1 Dec 2010
The Little Cowboy signed
Oil on canvas, 76 by 51 cm.
Provenance: Stendahl Galleries, Los Angeles, label on the reverse.
Property from the Estates of Walter and Sonja Caron Stein.
Private collection, Europe.
Authenticity has been confirmed by the expert V. Petrov.
Related Literature: For similar works, see G. Tuluzakova, Feshin, Zolotoy Vek, St Petersburg, 2007, pp. 134 and
The Little Cowboy is one of Nikolai Fechin’s most brilliant portraits of childhood dating from his time in the USA. Painted in 1940 it is — like Fechin’s early masterpiece, the portrait of Varya Adoratskaya (1914) — not only an expression of the credo of this artist, arguably the best painter of children of the 20th century, but also in its way an act of escapism, a conscious retreat from the harsh reality of two world wars, day-to-day hardships and various social cataclysms.
Fechin was especially fond of children’s portraits. Even with all the problems of working with child models, quickly tiring and constantly fidgeting, the artist was able to assemble a whole gallery of childhood images, executed with an unequalled lightness of touch and effortlessly communicating the essence of his models and, at the same time, notable for the depths revealed in the subject portrayed. Even the commissioned, formal portraits which were the artist’s bread and butter in America are without any trace of mawkishness or sentimentality and distinguished by the highest draughtsmanship and technical virtuosity.
It is worth noting that the image of the little cowboy is not just a tribute to the local colour of Fechin’s American environment. He had lived for several years in the little township of Taos, in upstate New Mexico, at the foot of the Sangre de Cristo Mountains, and knew at first hand the life of the farmers and cowboys who inhabited this picturesque mountain terrain and would from time to time sit for the artist. Even later on, after he had moved in 1934 to a permanent home in Los Angeles, he often took the journey — beneficial for his tuberculosis-damaged lungs — south-westwards, to where the rancheros of Arizona and New Mexico as well as the local Indians would continue to model for him.
The artist was especially happy to paint such portraits en plein air, under the hot sun, often placing his model against the light, filling the expanse of the canvas with a golden heat haze, and almost always preserving the "study-like" nature of his sweeping, virtuoso painting style. However, this image of the little cowboy is characteristic not only of this free technique: it also offers a striking contrast, with a clear distinction between the painting method adopted for the face, with light, almost invisible brushstrokes, and the impasto rendering of clothes and background.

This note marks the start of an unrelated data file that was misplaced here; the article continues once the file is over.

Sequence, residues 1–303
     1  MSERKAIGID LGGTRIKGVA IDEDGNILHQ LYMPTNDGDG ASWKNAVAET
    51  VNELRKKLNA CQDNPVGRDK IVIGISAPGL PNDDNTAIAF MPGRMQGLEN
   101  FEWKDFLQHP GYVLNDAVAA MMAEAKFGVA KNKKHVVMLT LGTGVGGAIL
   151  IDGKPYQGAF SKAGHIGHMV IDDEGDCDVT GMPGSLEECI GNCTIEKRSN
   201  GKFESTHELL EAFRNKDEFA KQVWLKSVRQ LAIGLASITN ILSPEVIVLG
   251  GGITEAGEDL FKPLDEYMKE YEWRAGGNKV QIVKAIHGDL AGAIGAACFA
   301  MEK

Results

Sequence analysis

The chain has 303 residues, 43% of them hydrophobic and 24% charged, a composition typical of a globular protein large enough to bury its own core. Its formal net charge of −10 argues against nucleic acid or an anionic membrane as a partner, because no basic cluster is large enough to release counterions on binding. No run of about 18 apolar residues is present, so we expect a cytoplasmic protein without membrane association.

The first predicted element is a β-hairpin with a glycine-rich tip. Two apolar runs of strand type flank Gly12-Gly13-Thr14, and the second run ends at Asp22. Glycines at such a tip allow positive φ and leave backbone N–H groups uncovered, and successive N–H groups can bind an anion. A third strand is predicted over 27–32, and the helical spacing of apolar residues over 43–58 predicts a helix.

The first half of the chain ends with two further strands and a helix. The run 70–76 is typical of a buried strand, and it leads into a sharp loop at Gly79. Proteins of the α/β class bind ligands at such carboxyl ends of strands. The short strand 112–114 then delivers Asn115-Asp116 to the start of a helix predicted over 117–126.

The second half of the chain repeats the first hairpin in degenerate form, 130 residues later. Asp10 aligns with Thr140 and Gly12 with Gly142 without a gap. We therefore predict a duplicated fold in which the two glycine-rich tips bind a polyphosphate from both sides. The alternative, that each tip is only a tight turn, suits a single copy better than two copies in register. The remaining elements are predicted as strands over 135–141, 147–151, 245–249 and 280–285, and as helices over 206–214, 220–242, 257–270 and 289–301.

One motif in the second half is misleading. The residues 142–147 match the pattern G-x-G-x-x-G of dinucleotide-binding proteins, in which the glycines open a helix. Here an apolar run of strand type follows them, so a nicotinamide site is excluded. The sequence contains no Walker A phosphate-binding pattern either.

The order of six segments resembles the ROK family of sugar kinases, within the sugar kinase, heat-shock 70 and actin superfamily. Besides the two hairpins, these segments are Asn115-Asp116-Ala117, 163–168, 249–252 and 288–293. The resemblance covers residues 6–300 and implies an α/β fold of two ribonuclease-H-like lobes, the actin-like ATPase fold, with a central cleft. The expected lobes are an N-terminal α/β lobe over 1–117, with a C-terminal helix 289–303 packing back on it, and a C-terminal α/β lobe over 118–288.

Despite the preparatory sketch-lines in the boy’s face being delicately worked to convey the young equestrian’s composure and concentration, it seems likely that Fechin painted the portrait in a single sitting, given the integrity and the immediacy with which he captures the pose and the child’s passion for horse-riding, and the vivacity and temperament of the painting technique. The spontaneous artistic freedom of the image structure and the precisely conveyed and idiosyncratic riding position of the wiry figure of the child give the portrait an inner dynamism. Yet we do not see the horse itself, nor a wagon — for despite all the child’s preoccupation and the tightly clenched reins the lad, seated by the artist on the corner of a chair or a chest, is only, it seems, playing at horse-riding. But the authenticity of the "cowboying" is of no concern to Fechin, for it merely provides the composition of the portrait and the fundamental reason for that childish seriousness, the boy’s concentration on some distant point. The artist is utterly and completely focused on the image of the boy. He delights in the gentle face, chubby lips, brown eyes and the flush of those apple cheeks. The precise balance between the areas of colour, with the boy’s denim dungarees and red cowboy scarf providing vivid flashes against a subdued grey background, tells us a lot about Fechin, a refined and sophisticated colourist, who can derive from three basic colours a wealth of shades vibrating with light.
The Little Cowboy is not only an outstanding example of Fechin’s masterly painting skill but also an expressive image of childhood, the seriousness and gentleness of which embody the authentic lyricism inherent in the very best of this artist’s childhood portraits.
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